|Interesting Breed Facts:
||19th in 2008; with 10,188 registered with the American Kennel Club (AKC).
|First recognized as a breed:
||The breed was first recognized by the AKC in 1911 as the “Shetland Collie” until its name was changed to the Shetland Sheepdog in 1914.
The Shetland Sheepdog appears to be slightly
longer than it is tall. The head is long and has a gentle expression. The eyes are medium-sized, dark, and almond shaped. The ears are carried erect with the tips of the ears folded over. The nose is black. The tail is long and straight. The Sheltie possesses a double coat. The coat colors may be black, blue merle, or sable, and may be marked with varying amounts of white and/or tan.
|Medical conditions to watch for:
||Shelties are prone to thyroid problems. Regular veterinarian exams are essential as medications are available to help control this condition.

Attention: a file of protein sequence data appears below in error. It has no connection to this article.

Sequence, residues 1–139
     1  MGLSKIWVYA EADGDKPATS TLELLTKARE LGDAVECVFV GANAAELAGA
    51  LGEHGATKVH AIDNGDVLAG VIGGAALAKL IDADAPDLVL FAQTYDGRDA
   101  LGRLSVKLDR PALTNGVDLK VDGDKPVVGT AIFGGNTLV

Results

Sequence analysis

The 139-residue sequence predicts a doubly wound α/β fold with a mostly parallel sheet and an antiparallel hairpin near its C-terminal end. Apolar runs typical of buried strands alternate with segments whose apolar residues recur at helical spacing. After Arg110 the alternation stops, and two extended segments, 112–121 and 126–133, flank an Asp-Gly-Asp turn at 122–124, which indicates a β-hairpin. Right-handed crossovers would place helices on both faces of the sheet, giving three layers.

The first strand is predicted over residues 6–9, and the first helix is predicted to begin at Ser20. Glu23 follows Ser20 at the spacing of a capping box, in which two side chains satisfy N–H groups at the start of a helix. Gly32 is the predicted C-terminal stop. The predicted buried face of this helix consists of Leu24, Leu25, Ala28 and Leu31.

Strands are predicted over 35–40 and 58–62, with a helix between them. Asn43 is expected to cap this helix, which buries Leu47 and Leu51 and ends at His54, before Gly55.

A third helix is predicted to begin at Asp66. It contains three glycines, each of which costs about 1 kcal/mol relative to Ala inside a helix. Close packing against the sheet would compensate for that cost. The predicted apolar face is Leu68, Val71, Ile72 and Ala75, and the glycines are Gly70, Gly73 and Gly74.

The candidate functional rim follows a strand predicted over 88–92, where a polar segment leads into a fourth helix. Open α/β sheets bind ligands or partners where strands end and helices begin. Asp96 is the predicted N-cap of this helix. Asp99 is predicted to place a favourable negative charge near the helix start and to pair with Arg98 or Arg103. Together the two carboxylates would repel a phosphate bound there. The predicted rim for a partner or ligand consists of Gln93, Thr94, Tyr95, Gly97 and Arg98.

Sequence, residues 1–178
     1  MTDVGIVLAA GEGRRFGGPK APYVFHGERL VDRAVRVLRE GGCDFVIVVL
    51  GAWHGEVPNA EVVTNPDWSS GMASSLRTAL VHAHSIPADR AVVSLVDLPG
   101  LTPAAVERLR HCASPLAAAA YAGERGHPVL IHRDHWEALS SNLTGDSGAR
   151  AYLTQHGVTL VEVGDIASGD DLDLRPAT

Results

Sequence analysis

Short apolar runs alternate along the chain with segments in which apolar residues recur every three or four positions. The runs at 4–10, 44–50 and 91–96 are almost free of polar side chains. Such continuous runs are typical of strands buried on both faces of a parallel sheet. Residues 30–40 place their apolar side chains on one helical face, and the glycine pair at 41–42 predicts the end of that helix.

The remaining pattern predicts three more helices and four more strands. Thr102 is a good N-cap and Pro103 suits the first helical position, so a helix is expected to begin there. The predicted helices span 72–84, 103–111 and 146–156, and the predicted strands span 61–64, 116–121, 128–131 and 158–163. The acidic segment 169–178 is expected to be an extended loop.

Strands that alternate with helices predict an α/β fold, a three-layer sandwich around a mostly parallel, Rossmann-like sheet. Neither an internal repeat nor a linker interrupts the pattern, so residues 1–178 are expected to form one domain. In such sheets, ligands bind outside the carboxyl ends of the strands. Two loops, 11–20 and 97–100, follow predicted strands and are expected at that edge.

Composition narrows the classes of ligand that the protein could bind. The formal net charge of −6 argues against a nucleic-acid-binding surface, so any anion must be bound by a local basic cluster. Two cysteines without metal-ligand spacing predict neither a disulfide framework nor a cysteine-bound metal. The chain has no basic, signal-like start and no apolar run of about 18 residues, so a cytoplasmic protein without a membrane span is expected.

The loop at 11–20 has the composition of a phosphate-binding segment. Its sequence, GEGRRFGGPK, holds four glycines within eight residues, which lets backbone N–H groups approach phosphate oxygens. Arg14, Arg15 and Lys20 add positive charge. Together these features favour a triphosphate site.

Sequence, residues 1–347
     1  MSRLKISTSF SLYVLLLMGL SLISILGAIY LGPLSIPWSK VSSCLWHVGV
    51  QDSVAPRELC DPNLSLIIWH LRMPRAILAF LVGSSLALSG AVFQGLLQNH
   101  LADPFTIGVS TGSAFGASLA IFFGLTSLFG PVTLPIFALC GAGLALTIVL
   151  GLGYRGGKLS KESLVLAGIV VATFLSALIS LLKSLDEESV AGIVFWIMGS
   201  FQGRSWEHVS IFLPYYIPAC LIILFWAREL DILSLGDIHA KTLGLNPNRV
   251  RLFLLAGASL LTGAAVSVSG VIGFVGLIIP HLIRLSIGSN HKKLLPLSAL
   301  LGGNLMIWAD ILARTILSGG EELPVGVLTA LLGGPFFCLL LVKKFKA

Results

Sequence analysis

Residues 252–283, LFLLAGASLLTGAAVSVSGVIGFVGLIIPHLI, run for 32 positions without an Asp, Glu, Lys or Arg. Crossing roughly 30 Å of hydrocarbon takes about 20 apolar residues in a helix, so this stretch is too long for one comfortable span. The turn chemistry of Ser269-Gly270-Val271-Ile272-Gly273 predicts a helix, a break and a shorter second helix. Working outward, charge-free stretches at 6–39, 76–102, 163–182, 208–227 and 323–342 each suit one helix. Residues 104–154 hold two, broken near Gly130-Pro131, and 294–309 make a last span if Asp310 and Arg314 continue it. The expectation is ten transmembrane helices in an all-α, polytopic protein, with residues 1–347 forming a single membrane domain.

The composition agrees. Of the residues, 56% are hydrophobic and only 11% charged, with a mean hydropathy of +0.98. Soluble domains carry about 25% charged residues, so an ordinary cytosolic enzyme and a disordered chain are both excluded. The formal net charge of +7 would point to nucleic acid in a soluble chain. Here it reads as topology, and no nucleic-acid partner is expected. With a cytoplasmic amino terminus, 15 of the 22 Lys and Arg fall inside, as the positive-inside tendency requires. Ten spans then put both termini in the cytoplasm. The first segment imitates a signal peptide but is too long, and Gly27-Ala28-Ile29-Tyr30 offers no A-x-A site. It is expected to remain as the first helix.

||Capable of living in a smaller environment, such as an apartment, as long as his daily exercise requirements are met.
||Generally accepts and does well with other dogs, other pets, and children. Life span averages between 12 and 14 years.
|Biggest challenge to owners:
||In general, the Sheltie is extremely easy to train. May require a fair amount of training to control barking, which is a trait they are well known for. Fairly playful and enjoys a good game in the yard.